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Fungi consumed by translocated Gilberts potoroos (Potorous gilbertii) at two sites with contrasting vegetation, south coastal Western Australia

Authors:
  • Department of Biodiversity, Conservation and Attractions

Abstract and Figures

Gilbert's potoroo (Potorous gilbertii) was previously widespread in south-west Australia but is now restricted to one location a granitic area of shrubby heath at Two Peoples Bay Nature Reserve on the south coast of Western Australia. To alleviate the threat of extinction a program is under way to establish potoroos in other locations. At Two Peoples Bay Gilbert's potoroos feed almost exclusively on truffle fungi. However, it was not known whether potoroos translocated to any new areas would be able to rapidly access and consume fungi after translocation, or whether truffles could be a sustainable food supporting breeding populations of potoroos in translocation sites. Furthermore, it was not known whether translocation of potoroos would be successful only in areas with vegetation similar to their refuge at Two Peoples Bay. The current study addressed these questions by analysing the diet of potoroos translocated into two contrasting areas one on Bald Island with similar topography and vegetation to that of Two Peoples Bay, and the other a 14-ha enclosure on the mainland dominated by EucalyptusAllocasuarina woodland. The diet of potoroos was characterised by microscopic examination of scats from individuals trapped after their translocation to these areas. At Bald Island a diverse range of fungi was consumed immediately after translocation. Four potoroos released onto the island only 48 days previously consumed 23 species of fungi. Consumption was sustained over time. Three potoroos released onto Bald Island 12 years previously and one island-born individual consumed 27 species of fungi during a two-day sampling period. Nine of the 27 fungi species were the same as those that had been consumed by the potoroos within days after their release onto the island. This indicates that production of fungi and their consumption by potoroos on the island was sustained at least 12 years after translocation. Potoroos bred on Bald Island during this period. During the same period, two potoroos that were moved from captivity to the mainland site (Ryedene) were consuming six species of truffles within 29 days after release, and 14 species within three months. Such data indicate that a wider selection of vegetation types and areas than just those similar to where potoroos occur at Two Peoples Bay may be able to sustain potoroos and should be investigated for future translocations.
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Fungi consumed by translocated Gilberts potoroos
(Potorous gilbertii) at two sites with contrasting vegetation,
south coastal Western Australia
N. L. Bougher
A
and J. A. Friend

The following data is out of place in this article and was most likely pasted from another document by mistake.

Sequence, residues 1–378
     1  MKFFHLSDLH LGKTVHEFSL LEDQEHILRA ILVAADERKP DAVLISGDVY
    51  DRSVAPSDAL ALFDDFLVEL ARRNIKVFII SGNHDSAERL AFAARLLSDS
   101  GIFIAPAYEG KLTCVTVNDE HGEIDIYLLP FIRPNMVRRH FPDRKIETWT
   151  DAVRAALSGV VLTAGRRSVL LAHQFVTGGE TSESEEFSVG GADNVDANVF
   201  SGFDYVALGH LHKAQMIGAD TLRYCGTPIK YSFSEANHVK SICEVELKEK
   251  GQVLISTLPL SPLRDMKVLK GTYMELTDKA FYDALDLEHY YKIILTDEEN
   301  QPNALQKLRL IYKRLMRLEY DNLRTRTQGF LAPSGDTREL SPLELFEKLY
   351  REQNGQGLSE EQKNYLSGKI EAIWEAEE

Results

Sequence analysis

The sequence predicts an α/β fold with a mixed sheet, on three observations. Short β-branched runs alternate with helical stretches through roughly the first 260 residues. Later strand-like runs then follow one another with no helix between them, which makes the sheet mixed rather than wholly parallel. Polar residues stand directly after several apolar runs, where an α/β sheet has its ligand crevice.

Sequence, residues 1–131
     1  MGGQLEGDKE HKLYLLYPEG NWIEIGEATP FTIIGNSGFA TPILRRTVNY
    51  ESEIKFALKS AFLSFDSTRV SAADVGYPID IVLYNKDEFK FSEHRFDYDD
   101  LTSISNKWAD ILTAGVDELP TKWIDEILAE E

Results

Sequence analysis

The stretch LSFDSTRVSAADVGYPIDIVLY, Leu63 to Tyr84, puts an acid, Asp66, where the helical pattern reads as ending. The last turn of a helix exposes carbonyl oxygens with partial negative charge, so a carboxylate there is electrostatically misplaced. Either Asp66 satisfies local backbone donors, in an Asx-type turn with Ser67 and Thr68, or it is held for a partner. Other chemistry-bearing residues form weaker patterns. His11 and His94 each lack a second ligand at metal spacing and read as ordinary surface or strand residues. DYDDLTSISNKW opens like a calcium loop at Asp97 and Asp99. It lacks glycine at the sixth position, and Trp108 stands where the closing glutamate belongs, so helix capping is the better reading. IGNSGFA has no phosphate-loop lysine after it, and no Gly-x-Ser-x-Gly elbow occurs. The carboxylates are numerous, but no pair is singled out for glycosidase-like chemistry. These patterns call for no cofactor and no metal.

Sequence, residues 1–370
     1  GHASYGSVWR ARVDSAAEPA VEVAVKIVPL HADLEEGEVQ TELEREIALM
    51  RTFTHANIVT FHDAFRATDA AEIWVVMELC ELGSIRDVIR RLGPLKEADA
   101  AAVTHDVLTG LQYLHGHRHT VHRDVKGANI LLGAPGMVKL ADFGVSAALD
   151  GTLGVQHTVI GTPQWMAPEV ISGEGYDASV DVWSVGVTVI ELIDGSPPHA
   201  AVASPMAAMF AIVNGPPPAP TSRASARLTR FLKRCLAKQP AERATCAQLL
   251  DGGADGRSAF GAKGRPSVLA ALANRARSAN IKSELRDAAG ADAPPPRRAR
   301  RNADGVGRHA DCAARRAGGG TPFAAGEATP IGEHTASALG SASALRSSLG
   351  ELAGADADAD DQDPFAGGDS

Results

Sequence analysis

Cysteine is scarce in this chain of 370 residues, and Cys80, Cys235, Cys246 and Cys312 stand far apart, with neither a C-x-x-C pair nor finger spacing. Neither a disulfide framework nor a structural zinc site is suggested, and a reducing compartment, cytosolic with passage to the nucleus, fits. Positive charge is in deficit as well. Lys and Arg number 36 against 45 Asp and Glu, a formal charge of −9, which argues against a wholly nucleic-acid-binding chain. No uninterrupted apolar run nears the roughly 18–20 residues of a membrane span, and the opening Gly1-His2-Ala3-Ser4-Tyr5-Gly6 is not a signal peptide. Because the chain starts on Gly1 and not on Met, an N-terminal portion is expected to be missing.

B
A
Department of Environment and Conservation, Locked Bag 104, Bentley Delivery Centre,
Bentley, WA 6983, Australia. Email: neale.bougher@dec.wa.gov.au
B
Department of Environment and Conservation, 120 Albany Highway, Albany, WA 6330,
Australia. Email: tony.friend@dec.wa.gov.au
Abstract. Gilberts potoroo (Potorous gilbertii) was previously widespread in south-west Australia but is now
restricted to one location a granitic area of shrubby heath at Two Peoples Bay Nature Reserve on the south coast of
Western Australia. To alleviate the threat of extinction a program is under way to establish potoroos in other locations.
At Two Peoples Bay Gilberts potoroos feed almost exclusively on trufe fungi. However, it was not known whether
potoroos translocated to any new areas would be able to rapidly access and consume fungi after translocation, or whether
trufes could be a sustainable food supporting breeding populations of potoroos in translocation sites. Furthermore, it
was not known whether translocation of potoroos would be successful only in areas with vegetation similar to their
refuge at Two Peoples Bay. The current study addressed these questions by analysing the diet of potoroos translocated
into two contrasting areas one on Bald Island with similar topography and vegetation to that of Two Peoples Bay, and
the other a 14-ha enclosure on the mainland dominated by EucalyptusAllocasuarina woodland. The diet of potoroos
was characterised by microscopic examination of scats from individuals trapped after their translocation to these areas.
At Bald Island a diverse range of fungi was consumed immediately after translocation. Four potoroos released onto the
island only 48 days previously consumed 23 species of fungi. Consumption was sustained over time. Three potoroos
released onto Bald Island 12 years previously and one island-born individual consumed 27 species of fungi during a
two-day sampling period. Nine of the 27 fungi species were the same as those that had been consumed by the potoroos
within days after their release onto the island. This indicates that production of fungi and their consumption by potoroos
on the island was sustained at least 12 years after translocation. Potoroos bred on Bald Island during this period. During